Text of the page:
I'm at the Social Computing Symposium today, and absorbing thoughts faster than I can write them.
One theme that recurs is the analogy between urban architecture and social software.
When I read Jane Jacobs' Death and Life of Great American Cities, I kept getting recognition flashes for things that make online communities work too - the need for 'public characters'; how high foot traffic streets are safer than open parkland; how places used for multiple purposes are richer than distinct purpose-designed zones.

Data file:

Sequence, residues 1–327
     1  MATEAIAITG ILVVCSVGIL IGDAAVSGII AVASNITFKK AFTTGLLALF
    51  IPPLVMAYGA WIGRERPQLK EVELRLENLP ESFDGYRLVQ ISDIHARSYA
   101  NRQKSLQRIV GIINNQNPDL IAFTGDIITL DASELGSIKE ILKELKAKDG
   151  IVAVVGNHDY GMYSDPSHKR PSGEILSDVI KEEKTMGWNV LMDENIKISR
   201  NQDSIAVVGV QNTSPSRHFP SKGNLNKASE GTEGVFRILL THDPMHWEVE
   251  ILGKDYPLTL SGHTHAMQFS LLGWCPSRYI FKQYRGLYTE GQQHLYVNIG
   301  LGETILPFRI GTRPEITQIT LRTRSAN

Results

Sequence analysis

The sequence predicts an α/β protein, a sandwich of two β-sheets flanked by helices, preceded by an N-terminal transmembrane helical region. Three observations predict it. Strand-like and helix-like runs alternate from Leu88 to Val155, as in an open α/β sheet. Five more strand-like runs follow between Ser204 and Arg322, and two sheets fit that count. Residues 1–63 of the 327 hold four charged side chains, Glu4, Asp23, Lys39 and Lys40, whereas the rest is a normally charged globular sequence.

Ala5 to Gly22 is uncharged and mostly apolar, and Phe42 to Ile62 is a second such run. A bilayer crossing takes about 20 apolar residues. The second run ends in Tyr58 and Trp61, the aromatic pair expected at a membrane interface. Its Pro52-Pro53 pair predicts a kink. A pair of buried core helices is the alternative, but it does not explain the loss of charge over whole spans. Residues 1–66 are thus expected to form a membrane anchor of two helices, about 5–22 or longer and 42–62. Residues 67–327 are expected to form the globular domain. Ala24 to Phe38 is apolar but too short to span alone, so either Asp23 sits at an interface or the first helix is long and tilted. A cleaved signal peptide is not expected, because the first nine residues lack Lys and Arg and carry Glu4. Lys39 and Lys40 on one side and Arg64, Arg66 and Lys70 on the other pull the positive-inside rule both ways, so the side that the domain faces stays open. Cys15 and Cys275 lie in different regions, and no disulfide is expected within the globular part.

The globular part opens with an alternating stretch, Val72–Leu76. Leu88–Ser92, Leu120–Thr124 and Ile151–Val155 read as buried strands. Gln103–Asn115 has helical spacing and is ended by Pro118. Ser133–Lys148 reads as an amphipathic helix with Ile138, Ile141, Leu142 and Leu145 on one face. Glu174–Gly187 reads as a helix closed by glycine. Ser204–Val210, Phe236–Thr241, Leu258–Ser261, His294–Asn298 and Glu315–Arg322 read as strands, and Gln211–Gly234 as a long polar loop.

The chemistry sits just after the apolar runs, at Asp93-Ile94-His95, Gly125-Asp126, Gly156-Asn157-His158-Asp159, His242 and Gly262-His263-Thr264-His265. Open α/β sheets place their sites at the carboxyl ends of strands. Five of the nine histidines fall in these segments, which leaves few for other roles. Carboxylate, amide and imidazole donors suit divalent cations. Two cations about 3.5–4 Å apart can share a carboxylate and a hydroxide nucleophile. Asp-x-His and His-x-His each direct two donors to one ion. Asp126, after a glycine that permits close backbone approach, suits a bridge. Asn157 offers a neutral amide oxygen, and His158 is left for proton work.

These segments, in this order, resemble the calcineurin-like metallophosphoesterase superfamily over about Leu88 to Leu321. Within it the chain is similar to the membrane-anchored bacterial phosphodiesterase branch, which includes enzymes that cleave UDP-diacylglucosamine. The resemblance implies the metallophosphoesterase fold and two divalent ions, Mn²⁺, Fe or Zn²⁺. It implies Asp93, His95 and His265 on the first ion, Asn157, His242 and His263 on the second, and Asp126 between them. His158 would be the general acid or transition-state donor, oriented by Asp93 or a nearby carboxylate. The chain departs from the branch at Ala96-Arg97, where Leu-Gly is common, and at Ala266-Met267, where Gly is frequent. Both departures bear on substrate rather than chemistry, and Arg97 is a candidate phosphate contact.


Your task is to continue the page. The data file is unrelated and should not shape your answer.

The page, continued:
Lilia Efimova has written on this, combined them in blogwalk and points me towards Life Between Buildings.
Molly Steenson is giving up online communities to study architecture.
Genevieve Bell has found very different urban/rural patterns of technology use in asia - Weinberger summarizes.
Eric Paulos has been experimenting with found art, dropped postcards and interactive dustbins.
The conference tag is scs2005